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Auto slump continues, May sales see biggest dip in 18 years

Passenger vehicle sales in May were recorded at 239,347 units, compared to 301,238 units in May, 2018. Such a drop was last seen in September 2001 when sales had dropped by 21.91%.

business Updated: Jun 12, 2019 11:39 IST
Anisha Dutta
Anisha Dutta
Hindustan Times, New Delhi
Auto sales,Automobile production,Automobile production cut
Passenger vehicle sales in India declined by 20.55% in May compared to the same period last year, logging the steepest fall in nearly 18 years as the industry reeled from the effects of a credit slowdown, regulation changes and a slump in the economy.(Yogesh Kumar/HT File PHOTO)

Passenger vehicle sales in India declined by 20.55% in May compared to the same period last year, logging the steepest fall in nearly 18 years as the industry reeled from the effects of a credit slowdown, regulation changes and a slump in the economy.

According to data released by the Society of Indian Automobile Manufacturers (SIAM) on Tuesday, the slump in factory sales — vehicles sold by manufacturers to dealers — was recorded in all categories except light commercial vehicles.

“These things happen only because of an economic slowdown; the dip in sales began after the Kerala flood last year and the industry started swinging in the negative direction after the highest-ever increase in fuel prices,” said Vishnu Mathur, director general of SIAM.

Barring the month of October, 2018 — a period when sales see an uptick due to festivities — May was the eleventh consecutive month when sales of vehicles declined.

Passenger vehicle sales in May were recorded at 239,347 units, compared to 301,238 units in May, 2018. Such a drop was last seen in September 2001 when sales had dropped by 21.91%.

To be sure, election years have been accompanied with a cutback in discretionary spending such as buying cars. But Mathur added that this year’s decline was “unprecedented” even for an election season.

Dealers have been saddled with unsold stocks, while some others have been unable to pick up inventory due to banks and lenders cutting back on credit.

The credit problem has been a consequence of the crisis in the non-banking financial company (NBFC) sector – which has squeezed liquidity and made banks reluctant to offer loans.

According to experts, this has also affected prospective buyers.

“There are various parameters for the downturn. Has the income of people gone down? No. Has the appetite of people in buying cars gone down? Probably yes, especially with the NBFC crisis happening. The availability of loans that people had has slightly gone down. Much of the downturn in sales hence will be in entry level vehicles till the range of up to ₹7 lakh, with a 30% dip or so, as compared to luxury vehicles,” said Kushal Singh, partner, Deloitte India.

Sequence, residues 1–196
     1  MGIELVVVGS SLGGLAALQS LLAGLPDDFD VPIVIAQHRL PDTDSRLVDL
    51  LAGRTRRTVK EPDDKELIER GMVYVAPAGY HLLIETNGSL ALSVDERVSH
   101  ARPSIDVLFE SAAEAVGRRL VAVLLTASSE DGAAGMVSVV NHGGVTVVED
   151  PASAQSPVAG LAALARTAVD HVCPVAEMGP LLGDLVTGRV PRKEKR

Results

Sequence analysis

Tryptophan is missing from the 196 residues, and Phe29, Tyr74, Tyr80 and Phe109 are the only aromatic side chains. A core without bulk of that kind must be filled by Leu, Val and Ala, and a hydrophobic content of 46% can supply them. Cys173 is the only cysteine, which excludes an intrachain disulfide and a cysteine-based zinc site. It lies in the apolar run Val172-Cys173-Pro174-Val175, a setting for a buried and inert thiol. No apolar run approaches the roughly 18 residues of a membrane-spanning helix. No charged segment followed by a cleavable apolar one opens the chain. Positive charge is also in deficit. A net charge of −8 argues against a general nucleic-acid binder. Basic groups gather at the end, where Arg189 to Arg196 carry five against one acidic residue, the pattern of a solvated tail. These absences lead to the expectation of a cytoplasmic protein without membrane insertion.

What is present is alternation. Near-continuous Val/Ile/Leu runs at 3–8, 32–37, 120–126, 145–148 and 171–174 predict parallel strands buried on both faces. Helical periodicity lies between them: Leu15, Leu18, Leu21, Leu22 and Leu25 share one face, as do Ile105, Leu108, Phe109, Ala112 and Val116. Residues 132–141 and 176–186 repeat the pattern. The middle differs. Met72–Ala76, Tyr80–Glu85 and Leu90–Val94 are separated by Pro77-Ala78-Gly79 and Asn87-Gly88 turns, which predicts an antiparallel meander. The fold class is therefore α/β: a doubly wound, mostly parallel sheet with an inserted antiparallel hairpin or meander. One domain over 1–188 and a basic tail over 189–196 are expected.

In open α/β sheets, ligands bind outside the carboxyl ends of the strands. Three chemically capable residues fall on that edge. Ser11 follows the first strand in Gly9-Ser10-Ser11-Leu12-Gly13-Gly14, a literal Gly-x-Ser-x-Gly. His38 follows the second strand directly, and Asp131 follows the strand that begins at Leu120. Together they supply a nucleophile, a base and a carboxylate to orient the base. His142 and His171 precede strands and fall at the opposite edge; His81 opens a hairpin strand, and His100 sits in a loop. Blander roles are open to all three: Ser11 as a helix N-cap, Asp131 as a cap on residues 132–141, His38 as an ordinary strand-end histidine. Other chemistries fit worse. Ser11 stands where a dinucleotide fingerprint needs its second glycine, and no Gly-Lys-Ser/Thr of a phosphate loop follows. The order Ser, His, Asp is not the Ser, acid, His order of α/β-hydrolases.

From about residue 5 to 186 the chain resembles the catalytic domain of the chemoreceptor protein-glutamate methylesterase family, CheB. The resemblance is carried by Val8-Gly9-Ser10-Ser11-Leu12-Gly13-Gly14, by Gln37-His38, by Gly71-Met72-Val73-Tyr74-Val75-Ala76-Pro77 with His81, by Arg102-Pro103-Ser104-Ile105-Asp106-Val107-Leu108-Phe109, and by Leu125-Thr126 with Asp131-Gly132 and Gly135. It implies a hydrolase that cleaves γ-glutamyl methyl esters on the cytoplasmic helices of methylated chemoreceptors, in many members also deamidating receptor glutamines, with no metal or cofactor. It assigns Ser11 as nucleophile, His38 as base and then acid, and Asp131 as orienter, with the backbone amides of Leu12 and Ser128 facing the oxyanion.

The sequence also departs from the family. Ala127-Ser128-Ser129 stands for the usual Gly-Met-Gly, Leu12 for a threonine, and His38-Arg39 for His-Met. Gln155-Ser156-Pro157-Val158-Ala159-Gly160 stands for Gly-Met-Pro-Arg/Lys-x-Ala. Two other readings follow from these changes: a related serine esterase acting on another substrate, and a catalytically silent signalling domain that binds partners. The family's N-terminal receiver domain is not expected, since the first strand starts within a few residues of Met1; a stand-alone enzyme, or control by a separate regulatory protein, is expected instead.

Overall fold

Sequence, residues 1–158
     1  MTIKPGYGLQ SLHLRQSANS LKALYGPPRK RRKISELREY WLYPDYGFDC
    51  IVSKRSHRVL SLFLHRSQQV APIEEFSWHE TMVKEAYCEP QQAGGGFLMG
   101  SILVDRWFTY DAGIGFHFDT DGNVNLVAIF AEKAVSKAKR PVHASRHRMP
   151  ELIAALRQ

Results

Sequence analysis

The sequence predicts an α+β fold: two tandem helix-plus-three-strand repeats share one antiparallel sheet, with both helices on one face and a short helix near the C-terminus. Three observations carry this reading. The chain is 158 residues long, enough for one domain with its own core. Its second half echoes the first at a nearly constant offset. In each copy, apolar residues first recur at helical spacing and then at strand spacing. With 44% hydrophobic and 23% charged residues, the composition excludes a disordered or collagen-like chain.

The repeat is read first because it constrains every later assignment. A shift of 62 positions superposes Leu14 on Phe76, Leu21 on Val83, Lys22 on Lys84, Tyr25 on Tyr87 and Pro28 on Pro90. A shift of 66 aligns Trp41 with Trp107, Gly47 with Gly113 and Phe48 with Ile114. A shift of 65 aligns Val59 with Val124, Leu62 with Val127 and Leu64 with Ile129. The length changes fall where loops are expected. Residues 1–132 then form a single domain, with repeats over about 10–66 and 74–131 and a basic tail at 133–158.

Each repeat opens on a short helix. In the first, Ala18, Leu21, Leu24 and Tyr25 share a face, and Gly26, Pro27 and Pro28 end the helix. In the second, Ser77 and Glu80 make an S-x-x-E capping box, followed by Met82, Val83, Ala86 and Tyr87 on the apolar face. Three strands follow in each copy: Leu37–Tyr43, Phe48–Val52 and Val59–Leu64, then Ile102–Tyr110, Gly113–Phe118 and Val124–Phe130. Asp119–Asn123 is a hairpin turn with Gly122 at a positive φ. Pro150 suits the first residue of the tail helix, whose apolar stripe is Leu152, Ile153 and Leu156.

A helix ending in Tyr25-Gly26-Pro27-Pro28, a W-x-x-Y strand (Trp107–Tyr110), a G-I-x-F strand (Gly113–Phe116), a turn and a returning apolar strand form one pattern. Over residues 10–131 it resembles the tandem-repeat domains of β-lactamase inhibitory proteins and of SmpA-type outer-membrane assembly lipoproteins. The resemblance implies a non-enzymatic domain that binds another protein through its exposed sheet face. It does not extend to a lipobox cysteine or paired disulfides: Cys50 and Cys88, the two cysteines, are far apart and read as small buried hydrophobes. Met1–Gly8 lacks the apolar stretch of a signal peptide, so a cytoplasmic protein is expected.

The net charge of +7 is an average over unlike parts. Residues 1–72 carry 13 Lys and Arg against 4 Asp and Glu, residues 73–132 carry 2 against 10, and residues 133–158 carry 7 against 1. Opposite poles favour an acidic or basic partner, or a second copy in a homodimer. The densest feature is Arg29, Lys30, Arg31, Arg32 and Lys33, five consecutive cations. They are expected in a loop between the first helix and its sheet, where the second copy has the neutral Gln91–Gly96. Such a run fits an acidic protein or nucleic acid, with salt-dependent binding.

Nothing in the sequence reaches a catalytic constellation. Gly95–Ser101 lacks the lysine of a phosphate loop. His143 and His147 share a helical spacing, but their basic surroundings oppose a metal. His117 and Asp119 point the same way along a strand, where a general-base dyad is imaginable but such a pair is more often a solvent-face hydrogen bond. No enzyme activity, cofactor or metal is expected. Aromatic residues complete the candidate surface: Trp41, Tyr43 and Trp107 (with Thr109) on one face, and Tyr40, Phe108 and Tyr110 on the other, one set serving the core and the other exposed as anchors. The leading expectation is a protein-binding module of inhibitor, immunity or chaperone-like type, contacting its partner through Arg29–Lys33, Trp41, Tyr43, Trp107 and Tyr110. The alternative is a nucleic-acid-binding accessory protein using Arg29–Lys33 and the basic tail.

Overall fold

India’s gross domestic product grew at 5.8% in the January-March 2019 quarter, dragging down the full year growth to a five-year low of 6.8%. The Reserve Bank of India (RBI) in its latest round of Consumer Confidence Survey reported last week said the net share of respondents who think they will spend more, either now or a year from now, on non-essential items has fallen to an all-time low since September 2015, the earliest period for which this data is available.

“The growth that we saw for the last two-three years was majorly on the basis of demand from rural areas. The distress in farmers’ income and the agriculture sector for the past two years has started showing effects on the growth for the past eight months or so,” said Vinkesh Gulati, vice president, Federation of Automobile Dealers Association (FADA).

Other factors have also contributed, such as a shift to the new BS-VI emissions norms from April 2020, which has meant that manufacturers have held back launching any major upgrade to their products.

A new rule for insurance that effectively increases the final price of a vehicle has also been blamed. “The Supreme Court’s judgment mandating upfront three years’ insurance for cars and five years’ insurance for two wheelers led to a 7-8% rise in two-wheeler prices,” said SIAM’s Mathur, who also blamed the NBFC crisis for the problems.

“Due to an inventory pile-up, production has been cut down over the last few months because the industry wants to correct the inventory which takes time,” he added.

Contract workers have become the first victims of the slowdown since the industry employs nearly half of the labour through contracts. “Everyone is shutting down factories including auto companies like Maruti and Mahindra. This directly impacts contractual workers,” said Mathur, adding that the government must now step in.

“We need strong government intervention to put the industry back on track. We have made certain recommendations to the government for the upcoming budget,” he said. The recommendations include cutting the Goods and Services Tax (GST) on all categories of vehicles to 18% from 28% at present and the introduction of a vehicle scrapping policy that will encourage people to discard their old vehicles and buy a new one.

First Published: Jun 12, 2019 07:27 IST